We always go whole hog for Fourth of July. We make flag cakes topped with rows of raspberries, blueberries and piped vanilla icing – Martha would be so proud! We decorate plain white T-shirts with red and blue stars, stamped with ye olde potato half, for the big parade. And we load up the thermos of hot chocolate and a box of stars-and-striped cookies (instructions after the jump) for firework-watching.
But this year, we may need some of these star-spangled hats too. The Family Fun Magazine editors just sent over this fetching photo and directions for making a patriotic chapeau … and we are helpless to resist. So now we’re rounding up the duct tape and bendy straws. And you can too…
FAMILY FUN’S CROWNING GLORY
Flexible measuring tape
Blue and red duct tape
Flexible straws (the hat in the photo used 35)
Pipe cleaners, star garland, pom-poms and whatever other embellishments suit your fancy
1. Measure the circumference of your child’s head. Cut a piece of blue duct tape to this length plus 2 inches, and lay it down, sticky side up.
2. Leaving 4 inches clear at each end, stick the straws to the tape so they line up along the bottom side and protrude, gloriously, on top.
3. Cut a second piece of blue tape, the same length as the first, and place it sticky side down to sandwich the straws.
4. Now cut a piece of red duct tape to the same length as the blue ones. Fold it over the bottom edge of the blue tape “sandwich,” so it forms a colorful border. Fit the headband to your child, then tape the ends together to form a circle.
5. Slide curlicued pipe cleaners and garland into the straws. Glue pom-poms to the pipe cleaner tops. Bend the straws as desired. Embellish.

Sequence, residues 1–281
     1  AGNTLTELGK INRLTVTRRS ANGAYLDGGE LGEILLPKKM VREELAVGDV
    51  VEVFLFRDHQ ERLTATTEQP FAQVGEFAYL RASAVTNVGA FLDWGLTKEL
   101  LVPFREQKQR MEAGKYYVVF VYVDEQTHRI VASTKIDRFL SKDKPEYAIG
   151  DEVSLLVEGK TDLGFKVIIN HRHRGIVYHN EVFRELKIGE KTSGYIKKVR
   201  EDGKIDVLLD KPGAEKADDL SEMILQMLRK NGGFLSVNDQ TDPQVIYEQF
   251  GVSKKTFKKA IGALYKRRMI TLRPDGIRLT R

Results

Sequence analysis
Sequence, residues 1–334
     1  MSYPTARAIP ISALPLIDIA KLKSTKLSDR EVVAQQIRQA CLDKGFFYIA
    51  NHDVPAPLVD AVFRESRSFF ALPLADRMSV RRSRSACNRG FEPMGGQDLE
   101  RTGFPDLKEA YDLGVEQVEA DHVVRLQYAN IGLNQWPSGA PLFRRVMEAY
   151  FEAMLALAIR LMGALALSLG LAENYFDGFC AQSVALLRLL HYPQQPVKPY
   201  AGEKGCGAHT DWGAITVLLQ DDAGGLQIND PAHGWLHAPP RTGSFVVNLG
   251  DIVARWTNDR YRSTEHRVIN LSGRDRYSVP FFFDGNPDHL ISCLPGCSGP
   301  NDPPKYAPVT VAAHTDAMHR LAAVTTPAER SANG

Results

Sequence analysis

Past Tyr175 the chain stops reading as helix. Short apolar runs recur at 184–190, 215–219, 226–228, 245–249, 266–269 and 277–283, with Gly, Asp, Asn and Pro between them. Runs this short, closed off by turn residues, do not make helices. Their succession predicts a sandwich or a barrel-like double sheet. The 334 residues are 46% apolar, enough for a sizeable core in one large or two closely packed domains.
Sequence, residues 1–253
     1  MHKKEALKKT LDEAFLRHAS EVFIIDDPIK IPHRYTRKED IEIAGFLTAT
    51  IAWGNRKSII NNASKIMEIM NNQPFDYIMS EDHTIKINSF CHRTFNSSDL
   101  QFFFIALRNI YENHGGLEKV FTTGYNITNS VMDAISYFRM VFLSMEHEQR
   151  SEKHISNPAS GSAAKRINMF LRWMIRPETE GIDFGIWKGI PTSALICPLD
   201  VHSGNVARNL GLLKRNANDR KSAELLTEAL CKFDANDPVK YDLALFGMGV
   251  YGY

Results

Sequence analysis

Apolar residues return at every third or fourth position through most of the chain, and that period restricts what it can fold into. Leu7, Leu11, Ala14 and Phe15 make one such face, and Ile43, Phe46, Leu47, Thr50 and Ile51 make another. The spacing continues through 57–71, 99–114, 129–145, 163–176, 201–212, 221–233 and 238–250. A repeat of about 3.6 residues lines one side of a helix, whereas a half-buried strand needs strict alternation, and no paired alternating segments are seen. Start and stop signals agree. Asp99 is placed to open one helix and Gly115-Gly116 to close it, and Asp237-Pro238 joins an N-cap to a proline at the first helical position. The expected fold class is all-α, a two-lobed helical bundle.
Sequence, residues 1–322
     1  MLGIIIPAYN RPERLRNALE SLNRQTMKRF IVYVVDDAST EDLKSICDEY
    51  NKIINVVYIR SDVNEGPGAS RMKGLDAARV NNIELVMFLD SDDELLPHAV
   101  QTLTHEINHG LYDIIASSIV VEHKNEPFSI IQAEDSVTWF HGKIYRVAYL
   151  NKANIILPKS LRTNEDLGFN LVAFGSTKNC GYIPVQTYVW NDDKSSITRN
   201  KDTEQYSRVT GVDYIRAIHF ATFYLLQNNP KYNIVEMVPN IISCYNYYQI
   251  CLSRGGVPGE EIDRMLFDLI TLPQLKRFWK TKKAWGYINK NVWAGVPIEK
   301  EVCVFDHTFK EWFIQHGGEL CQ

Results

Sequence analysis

For more Family Fun patriotic crafts, just click here.
APARENTLY SPEAKING’S STARS & STRIPES COOKIES
One batch of your favorite sugar cookie dough
Red and blue paste food coloring
White star-shaped sprinkles
1. Make a batch of your favorite sugar cookie dough. Take a small blob of dough (1/4 cup or less) and place it in a small ziplock bag with a dab of blue paste food coloring. Zip the bag shut, hand it to your child, and tell him to knead it until it’s uniformly blue. If you forget to zip it, your child will knead it until he’s uniformly blue.
2. Divide the rest of the dough in half and tint one half red. Place the red dough between two sheets of plastic wrap and roll it into a long, neatly trimmed rectangle, about 3-inches wide and a 1/4-inch thick. Repeat the process with the untinted dough.
3. Remove the plastic wrap and stack the dough into alternating layers of red and white, cutting, trimming and stacking the dough until you have a 3-inch wide block made up of 8 or 9 layers. When the block gets sliced later on, each slice will have 8 or 9 red and white stripes. (And yes, we know there are 13 stripes on a flag, but that’s too many colonies for this cookie.)
4. The blue dough is going to be the star-studded portion of the flag, so shape it into a rectangular block, about 1-inch wide by 1-inch high by however long it needs to be. Cut a rectangular notch out of a corner of the striped dough so the blue section fits neatly in the upper left corner. Wrap the whole thing in plastic wrap and chill until firm.
5. Preheat the oven to 350 degrees. Remove the plastic wrap and trim the edges of the dough so it’s a neat rectangle. Cut the dough into 1/4-inch thick slices, so each one has a blue field in the upper left corner, and red and white stripes. Place on greased cookie sheet, a few inches apart, and bake 8-10 minutes or until the edges are just starting to turn golden.
6. When the cookies have cooled, pipe a few tiny dots of icing onto the blue field and top each with a starry sprinkle. (Best to do these a day ahead so the icing has plenty of time to set.) Serve with hot cocoa and fireworks.
How do you celebrate the Fourth?